Live Auctions

Surprisingly Solid: 1965 Ford Mustang Fastback

The Ford Model T stands as one of the defining cars of the 20th Century. Thanks to sound engineering principles and groundbreaking production practices, it was the first car that brought affordable motoring to the masses. Such was its impact that at one point, more than 50% of all motor vehicles plying the world’s roads was a Model T. The company achieved a similar level of success with its First Generation Mustang. Thanks to its stunning styling and enormous list of options, it is recognized as the vehicle that best encapsulated the Swinging ’60s. Our feature car is a 1965 Fastback, and while it needs work, it represents a sound base for a project build. Located in Clifton, Virginia, the seller has listed it for sale here on eBay. Bidding has raced beyond the reserve to sit at $10,500.

The seller indicates this Mustang has been sitting for years and that they are its second owner. The current paint shade isn’t original, with the car rolling off the line wearing Wimbledon White. It isn’t clear when the color change occurred, but many potential buyers will probably consider reinstating the factory shade. The panels are reasonably straight, with no major dings or dents. The previous owner swapped the factory taillights for those from a Thunderbird. These items include the sequential turning signals, although they cut the panel to accommodate the upgrade. It is a First generation Mustang, which inevitably leads us to the subject of rust. The exterior shots are inconclusive, but the seller provides this underside collage that reveals some riveted patches in the floors. If the new owner seeks a high-quality restoration, they will probably elect to replace the floor pans. The rest of the car seems to sport nothing beyond heavy surface corrosion. Some trim pieces are missing, although the glass looks good. If an in-person inspection reveals the car as structurally sound, returning the panels and paint to a pristine state should not be difficult.

The Mustang’s engine bay houses an A-code 289ci V8 that produced 225hp in its prime. The original owner backed the V8 with a three-speed manual transmission while equipping it with power steering and power brakes. That combination would have allowed the car to whip through the ¼ mile in 15.4 seconds, which was a respectable number in 1965. The original owner must have desired a more relaxed driving experience because the manual transmission eventually made way for a three-speed automatic. The change would have impacted performance, but a sub-16-second ET was still there for the taking. The accumulated debris under the hood indicates it has been a while since the car fired a shot in anger, with the seller placing the period as around two decades. They indicate that it ran strong back then, but it isn’t clear whether it still turns freely. If it does, reviving it may not prove challenging.

Although the seller removed the carpet, the Mustang’s interior is essentially complete. A retrim will be on the cards, but with kits readily available, this aspect of the build should prove easy and affordable. What helps this interior stand out is its list of appointments. It features air conditioning, an AM/FM radio, a Sport Deck rear seat, and ultra-cool Rally-Pac gauges. Returning the interior to its former glory will consume around $2,000, but the new owner will feel a sense of pride when they step back and survey their work.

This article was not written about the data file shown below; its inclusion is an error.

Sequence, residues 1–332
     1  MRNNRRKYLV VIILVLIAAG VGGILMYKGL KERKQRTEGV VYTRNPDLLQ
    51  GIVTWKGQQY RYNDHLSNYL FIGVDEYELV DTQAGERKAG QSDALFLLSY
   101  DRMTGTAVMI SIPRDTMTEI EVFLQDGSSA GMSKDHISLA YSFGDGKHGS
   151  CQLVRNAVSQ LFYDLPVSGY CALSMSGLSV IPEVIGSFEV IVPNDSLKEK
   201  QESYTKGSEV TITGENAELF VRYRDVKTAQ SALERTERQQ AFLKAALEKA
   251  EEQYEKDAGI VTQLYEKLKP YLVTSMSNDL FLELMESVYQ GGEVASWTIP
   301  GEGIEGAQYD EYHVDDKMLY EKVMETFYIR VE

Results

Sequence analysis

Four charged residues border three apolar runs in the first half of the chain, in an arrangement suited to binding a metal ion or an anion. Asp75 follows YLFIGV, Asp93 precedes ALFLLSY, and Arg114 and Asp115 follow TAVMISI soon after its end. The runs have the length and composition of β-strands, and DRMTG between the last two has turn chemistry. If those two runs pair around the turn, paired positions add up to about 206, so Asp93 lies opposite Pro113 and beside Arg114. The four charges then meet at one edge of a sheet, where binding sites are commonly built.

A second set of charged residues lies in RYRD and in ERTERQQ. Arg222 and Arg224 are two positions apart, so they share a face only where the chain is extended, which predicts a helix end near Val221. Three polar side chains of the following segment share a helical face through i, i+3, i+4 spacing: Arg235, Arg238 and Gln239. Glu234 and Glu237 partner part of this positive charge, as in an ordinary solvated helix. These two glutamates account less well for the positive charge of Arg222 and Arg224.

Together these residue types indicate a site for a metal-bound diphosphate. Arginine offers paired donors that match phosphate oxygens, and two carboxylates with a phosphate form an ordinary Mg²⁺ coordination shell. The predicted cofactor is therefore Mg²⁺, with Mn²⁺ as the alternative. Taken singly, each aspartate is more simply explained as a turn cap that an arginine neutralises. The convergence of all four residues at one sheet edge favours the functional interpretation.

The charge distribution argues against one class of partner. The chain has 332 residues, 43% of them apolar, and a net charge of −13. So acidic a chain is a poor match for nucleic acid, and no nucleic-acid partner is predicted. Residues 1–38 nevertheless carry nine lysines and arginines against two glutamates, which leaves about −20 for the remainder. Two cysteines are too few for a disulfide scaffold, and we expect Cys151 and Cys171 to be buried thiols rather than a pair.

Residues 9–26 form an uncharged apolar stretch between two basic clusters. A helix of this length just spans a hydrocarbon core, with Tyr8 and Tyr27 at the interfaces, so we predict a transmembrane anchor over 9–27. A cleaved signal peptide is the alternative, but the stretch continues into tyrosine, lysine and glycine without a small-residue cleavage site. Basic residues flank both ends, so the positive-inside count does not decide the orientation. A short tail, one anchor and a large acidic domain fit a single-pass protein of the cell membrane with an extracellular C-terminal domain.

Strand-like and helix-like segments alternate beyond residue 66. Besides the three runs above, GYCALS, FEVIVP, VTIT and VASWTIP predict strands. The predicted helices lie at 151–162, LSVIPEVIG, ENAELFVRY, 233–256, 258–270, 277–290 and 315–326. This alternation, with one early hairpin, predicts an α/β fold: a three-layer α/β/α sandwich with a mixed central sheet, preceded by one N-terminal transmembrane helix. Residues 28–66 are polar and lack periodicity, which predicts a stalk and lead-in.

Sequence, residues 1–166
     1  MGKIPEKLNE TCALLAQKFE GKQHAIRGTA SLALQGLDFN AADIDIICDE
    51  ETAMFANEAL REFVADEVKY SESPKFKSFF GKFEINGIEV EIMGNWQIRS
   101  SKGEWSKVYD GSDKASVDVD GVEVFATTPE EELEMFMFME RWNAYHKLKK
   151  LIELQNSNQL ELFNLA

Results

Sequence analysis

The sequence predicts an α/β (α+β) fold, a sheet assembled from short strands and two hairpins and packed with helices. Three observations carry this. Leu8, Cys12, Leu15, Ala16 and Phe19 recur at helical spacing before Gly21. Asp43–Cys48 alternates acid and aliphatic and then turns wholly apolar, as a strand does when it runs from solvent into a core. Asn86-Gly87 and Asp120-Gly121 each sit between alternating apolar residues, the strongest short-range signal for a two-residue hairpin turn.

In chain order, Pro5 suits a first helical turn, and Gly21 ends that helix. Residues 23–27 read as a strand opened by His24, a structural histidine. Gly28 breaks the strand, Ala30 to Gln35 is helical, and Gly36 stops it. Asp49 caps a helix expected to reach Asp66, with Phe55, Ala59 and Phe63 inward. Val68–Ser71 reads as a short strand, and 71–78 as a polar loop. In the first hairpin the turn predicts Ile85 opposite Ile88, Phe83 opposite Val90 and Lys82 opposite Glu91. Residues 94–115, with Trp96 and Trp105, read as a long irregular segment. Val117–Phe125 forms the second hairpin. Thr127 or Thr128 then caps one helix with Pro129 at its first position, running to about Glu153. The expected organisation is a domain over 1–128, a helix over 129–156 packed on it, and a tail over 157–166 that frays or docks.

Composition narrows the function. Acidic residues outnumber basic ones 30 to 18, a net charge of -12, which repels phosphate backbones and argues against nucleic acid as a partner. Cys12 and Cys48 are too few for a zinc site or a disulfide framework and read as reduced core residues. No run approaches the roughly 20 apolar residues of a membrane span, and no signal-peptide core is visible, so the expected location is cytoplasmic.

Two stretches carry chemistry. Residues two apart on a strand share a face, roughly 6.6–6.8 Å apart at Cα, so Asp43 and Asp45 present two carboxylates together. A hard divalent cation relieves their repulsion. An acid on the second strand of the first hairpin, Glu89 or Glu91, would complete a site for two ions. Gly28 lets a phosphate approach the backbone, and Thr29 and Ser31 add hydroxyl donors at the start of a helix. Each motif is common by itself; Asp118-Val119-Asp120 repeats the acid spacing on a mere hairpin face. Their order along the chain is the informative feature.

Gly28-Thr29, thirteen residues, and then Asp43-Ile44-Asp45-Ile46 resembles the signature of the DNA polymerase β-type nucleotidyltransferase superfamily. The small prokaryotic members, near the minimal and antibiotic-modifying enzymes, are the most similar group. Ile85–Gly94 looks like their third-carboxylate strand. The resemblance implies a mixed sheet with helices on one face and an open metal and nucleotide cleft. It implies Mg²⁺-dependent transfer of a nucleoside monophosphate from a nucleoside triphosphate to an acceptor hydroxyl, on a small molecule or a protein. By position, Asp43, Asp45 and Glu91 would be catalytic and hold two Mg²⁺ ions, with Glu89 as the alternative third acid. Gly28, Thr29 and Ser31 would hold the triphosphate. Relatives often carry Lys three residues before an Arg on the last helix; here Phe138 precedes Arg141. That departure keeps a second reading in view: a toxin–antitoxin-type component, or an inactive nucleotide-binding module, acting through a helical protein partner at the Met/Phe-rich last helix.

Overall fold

The First Generation Mustang ticked many boxes that guaranteed its sales success. Its styling promised an exhilarating driving experience, but buyers could order it with a drivetrain combination that ensured it was an economical and accomplished daily driver. The company found itself in the enviable position where demand outstripped supply, with 559,451 Mustangs finding their way onto our roads in 1965 alone. Common sense says that any car selling in those numbers would have saturated the market, impacting desirability and values as time passed. The Mustang broke that rule, and early cars remain more desirable now than when they were new. This one needs some work, but returning it to its former glory would seem straightforward. Are you prepared to accept that challenge?

Comments

  1. Rw

    Would have at least took a leaf blower to get of the toxic rodent resident housing complex!

    Like 10
  2. Rw

    Rid

    Like 4
  3. OldSchool Muscle

    Nah not worth it no return ..

    Like 3
  4. John M.Stecz

    Looks like an automatic to me

    Like 5
    • RC Graham

      You and the two who agree with you should read more carefully before posting.

      Like 7
  5. Steve W

    Whoever buys this better have a pile of cash on hand….you’re gonna need it.

    Like 1
  6. Howie

    What a pile, no title and sellers feedback (0).

    Like 2
  7. Howie

    Sold $14,099, i am in shock!!

  8. Dannys shelbys

    Every fastback muustang is worth restoring no matter what the cost Dannys Mustangs

  9. FrankD Member

    Just needs to be detailed.

    • RC Graham

      You may be overlooking a few ‘details’.

      Like 1

Leave A Comment

RULES: No profanity, politics, or personal attacks.

Become a member to add images to your comments.

*

Keep me in the conversation via email. Or subscribe without commenting.

WANT ADS

WANTED 1970 AMC Javlin sst/4speed Looking for rust free car in the mid west area. Contact

WANTED 1979 Ford Thunderbird Looking for a 1979 Ford Thunderbird Heritage Edition, maroon in color. Thanks Contact

WANTED 1967/1968/1969 Chevrolet Camaro Looking to buy a easy project running car or a clean running car send pics Contact

Submit Your Want Ad